In this study, we outline a new diffuser system for the correction of scattering in biological suspensions, that is easily standardised, inexpensive, and produces accurate and reproducible results comparable to data obtained using an integrating sphere. This technique utilises custom built dual-compartment cuvettes, manufactured by Starna Scientific, in which scattering is corrected via a suspension of titanium dioxide. These cuvettes can be used in standard dual beam spectrophotometers, making this technique accessible to the majority of biological laboratories. Figure 1 depicts the details of the dual-compartment cuvettes and their use in a dual-beam spectrophotometer. Titanium dioxide is used, as it is widely available and inexpensive, and forms an opaque, scattering suspension in water. Importantly, titanium dioxide can be standardised with respect to particle size and concentration, thus making it suitable as an easily standardised and reproducible diffuser. We demonstrate that this system is superior to using Scotch™ Magic tape as the diffuser, producing results comparable to data collected using an integrating sphere detector.
Materials and methods
Culture medium and growth conditions
Synechocystis sp. PCC 6803 (Synechocystis) strains were cultured in BG11 medium at 30 °C. Chlorella vulgaris CCAP 211/52 (Chlorella) and Chlamydomonas reinhardtii CC 1021 (Chlamydomonas) strains were cultured in standard TP medium at 30 °C. Synechococcus sp. PCC 7002 (Synechococcus) and Dunaliella salina CCAP 19/12 (Dunaliella) were grown in artificial salt water medium (ASW) at 25 °C. Rhodopseudomonas palustris CGA009 (Rhodopseudomonas) was grown in a minimal salts medium, supplemented with 10 mM urea and 50 mM glycerol. All of these strains were cultured in an illuminated incubator with continuous shaking (125 rpm) and light (~ 50 µE m−2 s−1).
One set of spectra was recorded in a Shimadzu UV-2600 spectrophotometer, with a slit width of 5 nm. Reference spectra were recorded using the same device with an add-on ISR-2600Plus two-detector integrating sphere, with a slit width of 5 nm. A second set of data were collected using a Shimadzu UV-1800 spectrophotometer, which has a slit width of 1 nm. These data were compared to reference spectra collected in the Shimadzu UV-2600 with the add-on ISR-2600Plus two-detector integrating sphere, with the slit width set to 1 nm. All experiments were conducted at room temperature.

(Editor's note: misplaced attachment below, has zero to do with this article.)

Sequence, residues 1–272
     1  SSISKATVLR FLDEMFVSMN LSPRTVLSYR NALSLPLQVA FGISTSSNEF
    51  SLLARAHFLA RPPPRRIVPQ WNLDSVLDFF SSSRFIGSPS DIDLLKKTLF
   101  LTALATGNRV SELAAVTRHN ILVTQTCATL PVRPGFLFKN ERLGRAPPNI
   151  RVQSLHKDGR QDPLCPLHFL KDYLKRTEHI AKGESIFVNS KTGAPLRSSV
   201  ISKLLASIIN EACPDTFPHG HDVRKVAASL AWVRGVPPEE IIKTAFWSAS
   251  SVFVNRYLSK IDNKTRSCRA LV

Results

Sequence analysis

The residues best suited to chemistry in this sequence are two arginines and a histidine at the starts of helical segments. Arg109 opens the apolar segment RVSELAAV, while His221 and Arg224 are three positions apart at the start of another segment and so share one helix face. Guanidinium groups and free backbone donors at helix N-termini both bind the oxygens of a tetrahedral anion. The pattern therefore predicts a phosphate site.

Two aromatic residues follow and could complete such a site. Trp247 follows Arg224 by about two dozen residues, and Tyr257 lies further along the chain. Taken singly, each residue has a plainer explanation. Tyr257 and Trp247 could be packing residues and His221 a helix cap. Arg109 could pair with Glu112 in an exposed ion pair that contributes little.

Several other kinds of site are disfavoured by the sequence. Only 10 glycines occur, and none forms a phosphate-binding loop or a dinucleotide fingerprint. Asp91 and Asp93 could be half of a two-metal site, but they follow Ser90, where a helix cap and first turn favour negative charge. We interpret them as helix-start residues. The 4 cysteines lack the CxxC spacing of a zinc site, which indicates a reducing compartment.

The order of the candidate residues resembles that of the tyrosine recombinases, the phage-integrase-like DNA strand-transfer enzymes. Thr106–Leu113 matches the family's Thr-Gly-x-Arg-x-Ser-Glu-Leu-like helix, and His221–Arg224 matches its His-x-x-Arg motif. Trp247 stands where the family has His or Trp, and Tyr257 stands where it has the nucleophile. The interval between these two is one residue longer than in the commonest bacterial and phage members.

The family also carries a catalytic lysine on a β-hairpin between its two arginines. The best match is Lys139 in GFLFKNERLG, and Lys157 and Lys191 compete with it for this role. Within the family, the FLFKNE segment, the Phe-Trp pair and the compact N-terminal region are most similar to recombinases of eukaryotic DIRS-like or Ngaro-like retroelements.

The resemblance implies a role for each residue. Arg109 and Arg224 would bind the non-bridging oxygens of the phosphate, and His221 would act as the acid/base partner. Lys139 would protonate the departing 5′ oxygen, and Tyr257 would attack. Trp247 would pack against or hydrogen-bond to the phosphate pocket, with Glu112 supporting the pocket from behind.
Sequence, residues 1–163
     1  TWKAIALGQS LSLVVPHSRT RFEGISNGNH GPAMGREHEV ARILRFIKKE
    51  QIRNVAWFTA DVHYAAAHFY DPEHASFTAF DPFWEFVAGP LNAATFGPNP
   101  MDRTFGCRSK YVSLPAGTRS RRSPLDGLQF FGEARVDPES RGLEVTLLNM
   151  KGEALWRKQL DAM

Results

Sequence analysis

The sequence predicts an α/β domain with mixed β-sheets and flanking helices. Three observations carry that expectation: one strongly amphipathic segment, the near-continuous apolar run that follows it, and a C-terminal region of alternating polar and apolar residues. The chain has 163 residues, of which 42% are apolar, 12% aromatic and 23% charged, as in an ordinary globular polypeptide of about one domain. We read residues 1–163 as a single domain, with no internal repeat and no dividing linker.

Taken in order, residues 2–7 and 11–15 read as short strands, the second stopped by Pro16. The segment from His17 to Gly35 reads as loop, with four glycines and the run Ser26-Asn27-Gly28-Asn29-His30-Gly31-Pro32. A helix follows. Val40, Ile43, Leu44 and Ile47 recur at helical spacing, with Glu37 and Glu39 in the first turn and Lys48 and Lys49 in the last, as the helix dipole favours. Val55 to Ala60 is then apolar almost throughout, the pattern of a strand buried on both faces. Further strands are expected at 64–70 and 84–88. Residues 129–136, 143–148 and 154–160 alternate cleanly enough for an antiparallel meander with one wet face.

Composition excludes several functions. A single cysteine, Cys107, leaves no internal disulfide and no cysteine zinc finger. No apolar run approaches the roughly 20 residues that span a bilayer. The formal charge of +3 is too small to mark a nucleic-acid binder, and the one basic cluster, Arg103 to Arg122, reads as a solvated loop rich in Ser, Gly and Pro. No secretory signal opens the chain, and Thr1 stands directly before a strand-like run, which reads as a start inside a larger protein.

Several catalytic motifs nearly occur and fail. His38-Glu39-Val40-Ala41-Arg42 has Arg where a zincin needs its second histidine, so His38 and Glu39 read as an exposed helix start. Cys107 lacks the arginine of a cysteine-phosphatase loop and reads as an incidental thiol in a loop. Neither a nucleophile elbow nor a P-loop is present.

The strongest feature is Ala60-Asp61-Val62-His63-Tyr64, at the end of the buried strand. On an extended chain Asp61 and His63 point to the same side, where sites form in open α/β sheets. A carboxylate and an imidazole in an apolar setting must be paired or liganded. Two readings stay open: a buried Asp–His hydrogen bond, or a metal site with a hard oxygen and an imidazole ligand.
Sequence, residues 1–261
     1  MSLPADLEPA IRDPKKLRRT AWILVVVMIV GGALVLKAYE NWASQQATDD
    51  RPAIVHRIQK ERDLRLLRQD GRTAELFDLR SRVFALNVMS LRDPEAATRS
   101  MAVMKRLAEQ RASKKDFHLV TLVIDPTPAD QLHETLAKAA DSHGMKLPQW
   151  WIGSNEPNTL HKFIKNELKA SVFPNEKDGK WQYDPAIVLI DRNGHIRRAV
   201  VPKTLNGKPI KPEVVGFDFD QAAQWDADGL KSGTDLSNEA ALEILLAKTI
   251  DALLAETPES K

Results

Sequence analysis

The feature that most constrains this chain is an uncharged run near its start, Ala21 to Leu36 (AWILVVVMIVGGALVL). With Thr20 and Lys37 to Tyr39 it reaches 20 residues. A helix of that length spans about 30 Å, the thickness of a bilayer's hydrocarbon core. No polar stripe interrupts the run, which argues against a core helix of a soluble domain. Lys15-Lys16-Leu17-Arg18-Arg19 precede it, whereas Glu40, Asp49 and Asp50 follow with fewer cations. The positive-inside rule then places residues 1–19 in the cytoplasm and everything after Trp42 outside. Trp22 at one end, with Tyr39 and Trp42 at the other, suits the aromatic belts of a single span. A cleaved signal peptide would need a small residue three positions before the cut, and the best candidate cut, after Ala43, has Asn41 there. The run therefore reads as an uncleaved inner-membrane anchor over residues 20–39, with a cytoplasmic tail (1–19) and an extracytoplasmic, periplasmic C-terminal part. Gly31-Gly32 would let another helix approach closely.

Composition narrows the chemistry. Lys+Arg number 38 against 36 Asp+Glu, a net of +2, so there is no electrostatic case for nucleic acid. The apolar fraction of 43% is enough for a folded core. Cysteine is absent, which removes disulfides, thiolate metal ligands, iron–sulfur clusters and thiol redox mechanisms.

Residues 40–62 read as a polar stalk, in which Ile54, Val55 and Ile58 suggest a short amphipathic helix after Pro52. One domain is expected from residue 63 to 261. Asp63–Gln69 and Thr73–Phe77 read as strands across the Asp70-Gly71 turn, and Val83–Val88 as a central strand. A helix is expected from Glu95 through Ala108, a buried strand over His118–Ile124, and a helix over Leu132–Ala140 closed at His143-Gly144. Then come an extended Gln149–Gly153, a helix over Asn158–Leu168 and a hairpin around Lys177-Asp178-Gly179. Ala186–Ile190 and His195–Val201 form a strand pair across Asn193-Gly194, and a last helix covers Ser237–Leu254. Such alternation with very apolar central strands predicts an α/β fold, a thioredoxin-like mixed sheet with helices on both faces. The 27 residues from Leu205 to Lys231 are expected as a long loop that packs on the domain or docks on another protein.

Dual compartment cuvette measurements with titanium dioxide
Two quartz cuvettes were used in the dual-beam spectrophotometer. In these customized cuvettes, the chamber is divided into two compartments, each with an optical path of 5 mm (Fig. 1). The cuvettes were orientated so that the investigation beam passed through both chambers. A baseline reading was taken with blank growth medium in one chamber of both cuvettes (i.e., the sample and the reference cuvettes) and a premixed suspension of titanium dioxide (Sigma-Aldrich, Titanium IV oxide, anatase, -325 mesh) in water in the other chamber (Fig. 1). The titanium dioxide suspension was placed in the chamber closer to the light source, such that the beam passed through the suspension before passing through the sample. The spectrophotometer was zeroed with this setup by recording a baseline correction. The cuvette was inverted several times each time a new sample was measured, to ensure that the titanium dioxide remained in suspension and did not settle. The concentrations of titanium dioxide used were 0.1, 0.2, 0.5 and 1 mg ml−1. To record a spectrum, the titanium dioxide suspension was left in place in both cuvettes, but the blank medium in the sample cuvette was replaced with the sample (e.g., microalgal cell suspension). For the reference spectra recorded using the integrating sphere detector, the titanium dioxide suspension was replaced with water. This way the path length of the sample was the same as that used for the other samples. Three technical replicate measurements were taken for each sample.